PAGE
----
The Civility and Civics Of Wikipedia

I love Wikipedia. I argue with anyone who says it is bad, and I’ve even created a document to help teachers use Wikipedia effectively with their students.

There is something special about this giant collective work and the community that has helped create it. I often think about the authors and editors and how they arrived at the decision to give up their time to share their knowledge.

This morning @Braddo tweeted a link to a post on Big Think about Wikipedia and its community. Here is a quote from the transcript.

… I think it would be wonderful to make as part of the curriculum from, say, sixth grade onward part of your task and what you’ll be graded on is to edit and make the case for your edits to an article on a service like Wikipedia and then we’ll have new ranks of people being supervised by teachers who are working on the articles and on the product and that maybe even will apprentice to the norms by which you have an argument over what is true and what isn’t. And maybe some of them will choose to continue on as Wikipedians even after the assignment is over.


 I have proposed authoring or editing Wikipedia articles as school projects many times. I’m guessing this is not such an innovative concept now that Wikipedia is 14 years old. What I like about this proposal is the last bit.

So to me if I think of an advanced civics class, it’s great to learn that there are three branches of government and X vote overrides a veto, but having the civics of a collective hallucination like Wikipedia also be part of the curriculum I think would be valuable.


We would be teaching Civics for citizens of an online world. 


So go take a look, and scroll past the write-up to the comments, where one reader offers advice for teachers willing to take on the challenge.

Training Vs. Professional Development

I have a really fun job. I provide professional development and training to teachers, often embedded in the classroom teaching model lessons, co-teaching, or just stopping by to help everyone troubleshoot. I also help teachers in one-to-one appointments during the school day, in brief after-school sessions, and in long format sessions over the summer.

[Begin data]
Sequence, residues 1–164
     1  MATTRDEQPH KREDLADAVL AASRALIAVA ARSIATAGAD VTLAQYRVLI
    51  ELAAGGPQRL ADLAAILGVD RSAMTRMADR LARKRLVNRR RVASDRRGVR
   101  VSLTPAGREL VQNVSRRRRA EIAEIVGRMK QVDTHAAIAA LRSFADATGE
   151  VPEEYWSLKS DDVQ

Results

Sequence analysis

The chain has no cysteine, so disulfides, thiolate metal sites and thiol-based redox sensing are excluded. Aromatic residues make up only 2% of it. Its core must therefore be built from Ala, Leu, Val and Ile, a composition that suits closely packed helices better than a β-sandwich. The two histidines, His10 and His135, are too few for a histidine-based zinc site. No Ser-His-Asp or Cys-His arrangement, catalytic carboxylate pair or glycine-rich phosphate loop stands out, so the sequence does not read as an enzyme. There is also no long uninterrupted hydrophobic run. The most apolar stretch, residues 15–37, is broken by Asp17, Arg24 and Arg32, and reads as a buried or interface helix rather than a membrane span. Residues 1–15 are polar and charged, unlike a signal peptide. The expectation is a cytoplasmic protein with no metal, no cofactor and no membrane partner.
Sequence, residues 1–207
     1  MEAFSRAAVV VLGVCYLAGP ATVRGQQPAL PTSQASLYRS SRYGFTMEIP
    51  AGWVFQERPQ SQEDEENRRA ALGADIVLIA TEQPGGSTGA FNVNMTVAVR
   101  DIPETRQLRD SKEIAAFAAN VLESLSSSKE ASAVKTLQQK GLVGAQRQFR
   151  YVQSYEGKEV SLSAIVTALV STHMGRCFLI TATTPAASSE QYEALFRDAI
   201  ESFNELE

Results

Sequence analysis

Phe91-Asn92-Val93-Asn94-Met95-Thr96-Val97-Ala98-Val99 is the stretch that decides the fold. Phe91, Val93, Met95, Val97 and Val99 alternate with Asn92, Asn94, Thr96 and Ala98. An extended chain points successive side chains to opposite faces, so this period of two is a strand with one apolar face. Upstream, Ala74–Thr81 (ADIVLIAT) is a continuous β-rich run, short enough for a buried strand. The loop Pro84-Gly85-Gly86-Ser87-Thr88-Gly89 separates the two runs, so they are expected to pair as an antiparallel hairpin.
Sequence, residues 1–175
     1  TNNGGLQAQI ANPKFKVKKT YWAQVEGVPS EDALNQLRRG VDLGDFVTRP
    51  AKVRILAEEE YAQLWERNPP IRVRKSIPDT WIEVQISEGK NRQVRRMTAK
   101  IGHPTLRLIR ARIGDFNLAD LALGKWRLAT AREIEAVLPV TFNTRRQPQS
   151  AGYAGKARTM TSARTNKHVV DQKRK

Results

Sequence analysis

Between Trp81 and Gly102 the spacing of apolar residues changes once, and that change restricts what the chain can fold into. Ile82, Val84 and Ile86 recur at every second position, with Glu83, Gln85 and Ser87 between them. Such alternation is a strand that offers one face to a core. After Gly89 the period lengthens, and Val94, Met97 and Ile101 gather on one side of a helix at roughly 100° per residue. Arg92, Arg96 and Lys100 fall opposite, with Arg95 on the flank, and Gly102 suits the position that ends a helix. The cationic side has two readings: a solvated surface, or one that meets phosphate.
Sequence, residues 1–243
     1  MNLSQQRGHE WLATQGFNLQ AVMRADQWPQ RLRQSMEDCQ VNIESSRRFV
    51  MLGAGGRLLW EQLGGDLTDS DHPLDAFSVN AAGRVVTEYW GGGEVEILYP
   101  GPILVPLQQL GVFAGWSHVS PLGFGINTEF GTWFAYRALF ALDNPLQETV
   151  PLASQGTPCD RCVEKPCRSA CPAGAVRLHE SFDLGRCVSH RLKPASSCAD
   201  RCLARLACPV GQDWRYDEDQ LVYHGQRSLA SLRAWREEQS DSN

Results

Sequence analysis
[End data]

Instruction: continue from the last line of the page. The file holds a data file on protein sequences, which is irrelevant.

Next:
Is there a difference between providing training and providing professional development? Absolutely! Training is all about how to do things: click here, drag there, type this, do that. Professional development is about why we should do things: pedagogy, mission, philosophy, ethics. For the most part, it is very easy to train. Sequencing events or procedures is not extremely hard, when working with teachers who are comfortable with technology as most of our teachers already are. Providing professional development requires a very different approach because the process often involves changing teachers’ attitudes, both towards their students and the technology I’d like them to use.

I always make an effort to provide both training and professional development in a balanced approach when I work with teachers. I don’t just show teachers how to use a new tool. I point to how the tool can be used to solve an instructional difficulty the teacher might have or how it can help us meet our goal of providing deeper learning opportunities for students. Of course, there are issues that rely solely on training, and for those I try to push out some help using a handout or a video on my blog. The clearest recent example is the simple fix for a misbehaving Mail app on our laptops. There is no benefit to any student from a teacher knowing why or how to do this, and the DIY approach will save teachers the effort of walking to my office. But, when working with teachers to adopt something that the students will use, I have to be face-to-face with teachers, or in an extended interactive online class. This is why we have our firm two-hour minimum tech class requirement for all our teachers. 

Of course the tech team can make tutorials on how to use Garage Band. We could even grab some ready-made videos off a million different places and email those to teachers. We could have every teacher making amazing podcasts about their cats and their favorite recipes in no time. The challenge lies in changing the way teachers approach students’ role in education. Instead of lecturing day after day, allow students to formulate and answer questions, and share their findings with the rest of the class via serialized podcasts. We could write lengthy articles (like this blog post) with lots of tables and citations, but text doesn’t always convey messages like personal interactions do. Just like teachers in classrooms, we, as providers of professional development, need to read our audience and see the light dawn in teachers’ eyes.

This post I read recently asks whether we should train first and provide professional development later. The author and I agree that the two should go hand in hand. Not doing this would be a disservice both to teachers and students. Otherwise…